The logistics performance of the Port of Hong Kong has been on the decline in the last decade as per the World Bank's LPI. The overall LPI score for 2018 was 3.92 a decline from 4.07 in 2016 (The World Bank 2018). It is characterized by yard congestion especially during peak seasons, which in turn affect the truck turnaround times adversely. Mainly, the primary cause of this problem is insufficient land and quay. For example, the port stands on an average of 14 hectares of land per 400 meters berth. Notably, this is below the international standard of 25 hectares for optimal performance. On the quayside, there has been an increase in the transshipment throughput volume by approximately 30% in the last decade attributable to increased barge operations. Undeniably, this growth in barge volume has led to a significant barge waiting time, which disrupts connections with on-forwarding ships.

Strategies for enhancing Port Infrastructure Quality and Logistics Performance at the Port of Hong Kong

Competitiveness of the Port of Hong Kong is hampered by lack of sufficient logistics infrastructure. Strategic infrastructure development seeks to attain logistics performance in the form of competitiveness, time-based services, and value creation and delivery to large sections of logistics users.

First, the Port of Hong Kong needs to develop communication network configurations encompassing complex logistics decision support systems (LDSS). Such systems have a direct effect on improving logistics performance in terms of time, cost, and value delivery. Mainly, the ever-growing availability of internet-based communication and information mechanisms enable many customers to access transportation services, schedules, and rates. As Heilig, Stahlbock and Voss (2019) record, timely communication through network configurations among maritime transport mode can reduce the expenditure needed for logistics performance at the port of Hong Kong. Likewise, the Port should promote the application of high technology such as the port Internet of Things (IoT), which is vital in enhancing the efficiency of port operations.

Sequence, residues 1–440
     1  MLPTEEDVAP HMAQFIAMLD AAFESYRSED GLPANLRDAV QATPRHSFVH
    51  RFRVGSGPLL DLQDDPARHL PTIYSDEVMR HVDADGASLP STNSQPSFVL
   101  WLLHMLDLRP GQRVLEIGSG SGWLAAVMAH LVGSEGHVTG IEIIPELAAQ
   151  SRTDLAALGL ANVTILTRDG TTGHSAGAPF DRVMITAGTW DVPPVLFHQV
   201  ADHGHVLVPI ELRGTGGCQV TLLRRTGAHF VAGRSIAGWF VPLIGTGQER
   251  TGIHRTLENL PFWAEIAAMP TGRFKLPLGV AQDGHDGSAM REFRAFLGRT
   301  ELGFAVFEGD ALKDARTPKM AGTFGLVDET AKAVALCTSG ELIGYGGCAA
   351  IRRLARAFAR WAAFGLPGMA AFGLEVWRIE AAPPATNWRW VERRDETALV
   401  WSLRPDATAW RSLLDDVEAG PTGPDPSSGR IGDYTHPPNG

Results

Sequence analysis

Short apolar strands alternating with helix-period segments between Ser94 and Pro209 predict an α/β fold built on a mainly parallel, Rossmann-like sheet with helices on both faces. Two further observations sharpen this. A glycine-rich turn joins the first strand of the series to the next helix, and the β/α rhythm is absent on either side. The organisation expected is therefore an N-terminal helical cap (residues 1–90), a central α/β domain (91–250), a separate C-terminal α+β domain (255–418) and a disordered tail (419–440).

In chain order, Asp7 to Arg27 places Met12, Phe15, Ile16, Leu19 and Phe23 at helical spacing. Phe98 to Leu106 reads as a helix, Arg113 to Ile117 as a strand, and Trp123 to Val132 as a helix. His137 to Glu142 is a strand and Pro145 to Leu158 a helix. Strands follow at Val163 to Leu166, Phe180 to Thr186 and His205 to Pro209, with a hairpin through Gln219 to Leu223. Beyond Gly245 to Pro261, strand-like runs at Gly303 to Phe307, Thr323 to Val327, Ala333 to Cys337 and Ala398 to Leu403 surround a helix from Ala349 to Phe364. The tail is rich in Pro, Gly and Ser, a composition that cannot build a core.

There is a truism that a transportation asset such as a ship must be in motion to assure its economic survival. Therefore, as the sizes of ships increase, the port of Hong Kong must ensure that its harbor waters, berths, and approach channels are of sufficient depth. It must invest in constant dredging to achieve this. Additionally, the berths themselves must be large enough and properly equipped to handle the larger vessels (Acciaro and McKinnon 2015). In particular, it must meet the international standard of 25 hectares for optimal logistics performance. For instance, it must increase terminals to provide sufficient area to accommodate the containers as the vessels are being discharged and loaded. Similarly, the crane capacity, regarding both the number of cranes and their cycle time, must be adequate to minimize port stays (Acciaro and McKinnon 2015). Undeniably, market forces will continue to influence the evolution of the Port of Hong Kong as it strives to continue providing improvements in cost, reliability, speed, and customer satisfaction.

Finally, according to Munim and Schramm (2018), the quay crane operation is one of the essential operations for the container terminal logistics that carries out loading a container form a truck to a vessel or unloading a container from a vessel to a truck. The Port of Hong Kong can reduce the waiting times already affecting its quayside negatively by increasing intermodal operations to carry the containers from the port. Moreover, container infrastructure needs to be complemented by efficient hinterland transport connections to ensure the port exploits its potential as a growth catalyst and supply chain node fully (Acciaro and McKinnon 2015). In particular, in addition to the river transport system into the inland ports, more advancement should be made on the road and rail transport systems. Undeniably, this strategy can go a long way towards reducing container dwell time, and consequently, the high freight costs at the Port.


Acciaro, M. and McKinnon, A., 2015. Efficient hinterland transport infrastructure and services for large container ports.